West Coast Editor

Taking aim at access sites in dialysis patients and at peripheral arterial disease (PAD) with its vascular remodeling weaponry, Proteon Therapeutics Inc. raised $12 million, adding to the $19 million of Series A funds raised last spring and providing the privately held firm with enough cash to put the lead product, PRT-201, into the clinic early next year.

Timothy Noyes, Proteon's president and CEO, called dialysis "a prudent place to start," and said the firm is still debating when PAD trials might begin.

"We probably wouldn't wait much longer than the end of our first-in-man [dialysis] trial to start our first PAD trial," he said. "It's possible we could start them in a slightly more staggered way." The vasodilator protein PRT-201 can be applied topically to the external surface of exposed vessels during surgery, or injected through angioplasty catheters.

Dialysis sites are made two ways. In arteriovenous fistulas (AVFs), the vein is surgically sewn directly to the artery. In arteriovenous grafts (AVGs), the artery and vein are connected by way of a segment of artificial tubing.

AVFs "often don't work, but once they do, they work for a long time and they work great," Noyes said. "The graft is pretty well the opposite. Half of the grafts have failed in seven to nine months, and patients undergo a series of re-works," such as angioplasties that require hospital stays.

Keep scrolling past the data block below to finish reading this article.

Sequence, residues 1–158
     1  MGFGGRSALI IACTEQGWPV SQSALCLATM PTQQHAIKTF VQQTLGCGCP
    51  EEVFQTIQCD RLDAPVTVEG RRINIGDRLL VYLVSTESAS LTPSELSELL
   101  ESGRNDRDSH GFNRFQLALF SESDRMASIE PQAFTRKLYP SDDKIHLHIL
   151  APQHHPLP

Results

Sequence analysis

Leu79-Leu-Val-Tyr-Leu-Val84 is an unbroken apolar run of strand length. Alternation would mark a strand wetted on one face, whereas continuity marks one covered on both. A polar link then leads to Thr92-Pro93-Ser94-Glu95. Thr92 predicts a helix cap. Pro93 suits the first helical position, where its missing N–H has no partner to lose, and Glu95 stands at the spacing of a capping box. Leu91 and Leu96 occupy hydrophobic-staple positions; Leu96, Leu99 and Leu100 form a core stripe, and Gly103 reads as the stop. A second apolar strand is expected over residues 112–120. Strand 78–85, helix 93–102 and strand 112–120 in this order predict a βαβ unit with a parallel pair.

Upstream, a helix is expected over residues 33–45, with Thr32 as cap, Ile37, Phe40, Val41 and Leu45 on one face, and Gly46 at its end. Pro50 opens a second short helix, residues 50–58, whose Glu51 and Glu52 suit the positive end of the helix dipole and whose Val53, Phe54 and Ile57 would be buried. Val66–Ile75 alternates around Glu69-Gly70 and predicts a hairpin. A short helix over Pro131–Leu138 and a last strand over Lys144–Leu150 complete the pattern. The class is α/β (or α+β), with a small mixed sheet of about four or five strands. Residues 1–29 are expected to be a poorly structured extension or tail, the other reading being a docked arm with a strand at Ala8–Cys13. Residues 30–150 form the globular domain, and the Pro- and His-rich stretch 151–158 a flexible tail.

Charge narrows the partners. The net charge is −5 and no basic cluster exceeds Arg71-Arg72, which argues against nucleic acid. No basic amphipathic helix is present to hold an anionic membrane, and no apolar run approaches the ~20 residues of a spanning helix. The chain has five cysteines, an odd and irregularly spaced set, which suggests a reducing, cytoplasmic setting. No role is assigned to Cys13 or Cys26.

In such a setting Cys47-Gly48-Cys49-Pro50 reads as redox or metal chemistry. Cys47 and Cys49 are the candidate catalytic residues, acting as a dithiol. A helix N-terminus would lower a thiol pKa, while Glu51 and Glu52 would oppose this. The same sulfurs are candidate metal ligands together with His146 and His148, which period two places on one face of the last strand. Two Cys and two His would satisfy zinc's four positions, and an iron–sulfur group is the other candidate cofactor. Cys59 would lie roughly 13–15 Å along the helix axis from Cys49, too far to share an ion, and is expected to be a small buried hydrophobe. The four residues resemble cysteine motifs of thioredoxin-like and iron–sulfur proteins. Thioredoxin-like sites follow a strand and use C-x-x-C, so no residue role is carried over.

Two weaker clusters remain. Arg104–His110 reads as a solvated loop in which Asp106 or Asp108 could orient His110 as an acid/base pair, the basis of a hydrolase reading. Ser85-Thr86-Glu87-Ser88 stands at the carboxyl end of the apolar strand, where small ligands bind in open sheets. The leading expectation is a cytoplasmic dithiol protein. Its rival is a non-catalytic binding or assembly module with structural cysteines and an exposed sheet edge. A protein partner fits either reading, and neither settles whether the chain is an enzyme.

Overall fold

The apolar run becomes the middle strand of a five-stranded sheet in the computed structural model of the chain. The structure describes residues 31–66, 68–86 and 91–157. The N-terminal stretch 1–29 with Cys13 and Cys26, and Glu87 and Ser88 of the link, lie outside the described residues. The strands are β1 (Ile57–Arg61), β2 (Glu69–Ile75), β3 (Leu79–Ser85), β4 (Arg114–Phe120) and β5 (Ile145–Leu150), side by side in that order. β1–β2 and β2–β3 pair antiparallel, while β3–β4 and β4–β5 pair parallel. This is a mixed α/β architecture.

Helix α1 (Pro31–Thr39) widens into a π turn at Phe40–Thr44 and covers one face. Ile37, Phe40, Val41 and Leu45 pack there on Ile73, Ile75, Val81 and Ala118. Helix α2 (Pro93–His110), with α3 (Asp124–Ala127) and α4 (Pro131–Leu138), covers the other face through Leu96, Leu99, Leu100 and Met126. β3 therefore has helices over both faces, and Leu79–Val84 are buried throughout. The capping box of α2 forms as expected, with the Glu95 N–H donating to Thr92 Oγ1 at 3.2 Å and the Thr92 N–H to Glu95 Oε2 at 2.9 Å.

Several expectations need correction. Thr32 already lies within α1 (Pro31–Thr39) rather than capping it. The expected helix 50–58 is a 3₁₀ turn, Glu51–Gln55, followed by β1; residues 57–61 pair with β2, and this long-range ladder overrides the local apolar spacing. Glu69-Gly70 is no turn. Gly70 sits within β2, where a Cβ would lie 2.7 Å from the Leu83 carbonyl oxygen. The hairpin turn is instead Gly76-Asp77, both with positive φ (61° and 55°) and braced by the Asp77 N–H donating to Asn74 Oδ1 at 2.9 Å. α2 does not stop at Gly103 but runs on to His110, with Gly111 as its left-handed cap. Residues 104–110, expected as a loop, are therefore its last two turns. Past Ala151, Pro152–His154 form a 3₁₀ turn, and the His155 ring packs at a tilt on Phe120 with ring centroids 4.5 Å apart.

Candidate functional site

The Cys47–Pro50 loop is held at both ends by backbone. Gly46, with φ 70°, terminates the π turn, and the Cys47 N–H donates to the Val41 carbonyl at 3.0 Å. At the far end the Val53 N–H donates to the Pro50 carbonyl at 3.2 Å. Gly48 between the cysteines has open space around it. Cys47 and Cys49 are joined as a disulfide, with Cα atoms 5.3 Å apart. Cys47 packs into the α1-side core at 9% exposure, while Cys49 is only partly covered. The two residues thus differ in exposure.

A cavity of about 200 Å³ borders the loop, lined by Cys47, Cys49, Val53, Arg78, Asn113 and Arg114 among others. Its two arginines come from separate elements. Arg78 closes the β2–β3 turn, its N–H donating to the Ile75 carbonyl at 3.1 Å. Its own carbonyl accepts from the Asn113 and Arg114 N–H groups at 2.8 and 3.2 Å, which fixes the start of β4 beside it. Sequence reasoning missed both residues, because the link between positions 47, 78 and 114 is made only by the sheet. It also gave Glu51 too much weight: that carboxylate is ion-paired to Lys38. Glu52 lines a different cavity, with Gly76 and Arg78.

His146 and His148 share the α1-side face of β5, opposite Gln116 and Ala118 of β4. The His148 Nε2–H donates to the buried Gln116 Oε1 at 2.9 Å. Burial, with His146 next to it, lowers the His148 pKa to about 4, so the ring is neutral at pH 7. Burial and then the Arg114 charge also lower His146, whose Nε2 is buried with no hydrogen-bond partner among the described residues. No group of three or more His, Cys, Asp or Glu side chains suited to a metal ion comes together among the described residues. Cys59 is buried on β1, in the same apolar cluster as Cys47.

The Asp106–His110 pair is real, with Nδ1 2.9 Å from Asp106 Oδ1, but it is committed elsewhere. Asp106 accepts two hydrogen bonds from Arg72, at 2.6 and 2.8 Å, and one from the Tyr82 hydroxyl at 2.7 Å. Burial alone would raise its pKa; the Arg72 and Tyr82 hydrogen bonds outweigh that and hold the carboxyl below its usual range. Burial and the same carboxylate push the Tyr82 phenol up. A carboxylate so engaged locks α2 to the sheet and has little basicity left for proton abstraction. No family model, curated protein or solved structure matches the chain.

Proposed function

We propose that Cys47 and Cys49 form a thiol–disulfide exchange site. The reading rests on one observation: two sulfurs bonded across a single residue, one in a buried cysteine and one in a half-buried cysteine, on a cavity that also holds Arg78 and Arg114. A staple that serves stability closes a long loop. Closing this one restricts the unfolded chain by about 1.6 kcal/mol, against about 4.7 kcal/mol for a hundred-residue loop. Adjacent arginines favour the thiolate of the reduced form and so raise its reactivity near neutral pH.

"Very few people have done anything in fistulas," he said. "Most of the attention has been on the graft side" since, in the U.S., more grafts than fistulas are used. Still, in dialysis access, science has made "no meaningful advances since anybody can remember," he added. "Everybody's talking about trying to improve dialysis, but you can't do that until you improve access."

If PRT-201 works, it will have the advantage of being entirely local. "It's one-time, it's fast and persistent, and we believe it's going to be safe," Noyes said, noting that the protein does not preclude other approaches used in tandem, as opposed to such approaches as stents.

Last month, Pervasis Therapeutics Inc., of Cambridge, Mass., finished patient recruitment for its two Phase II trials of Vascugel, an allogeneic cell therapy product to restore natural repair and regeneration pathways in traumatized vasculature.

"They're looking at a very different approach, but they're also looking at fistulas and grafts," Noyes said. Other companies, such as Vancouver, British Columbia-based Angiotech Pharmaceuticals Inc., are exploring whether methods used against coronary artery disease might be used in dialysis, he noted, but "the jury's out right now."

Testing PRT-201 in dialysis access and PAD gives Proteon "at least three, unique distinct patient types to figure out where this protein works best," he said. Which indication will turn out the most lucrative, Noyes added, is not easy. Although PAD seems like the obvious answer, the number of patients on dialysis "continues to grow so fast that it's probably a toss-up," he said.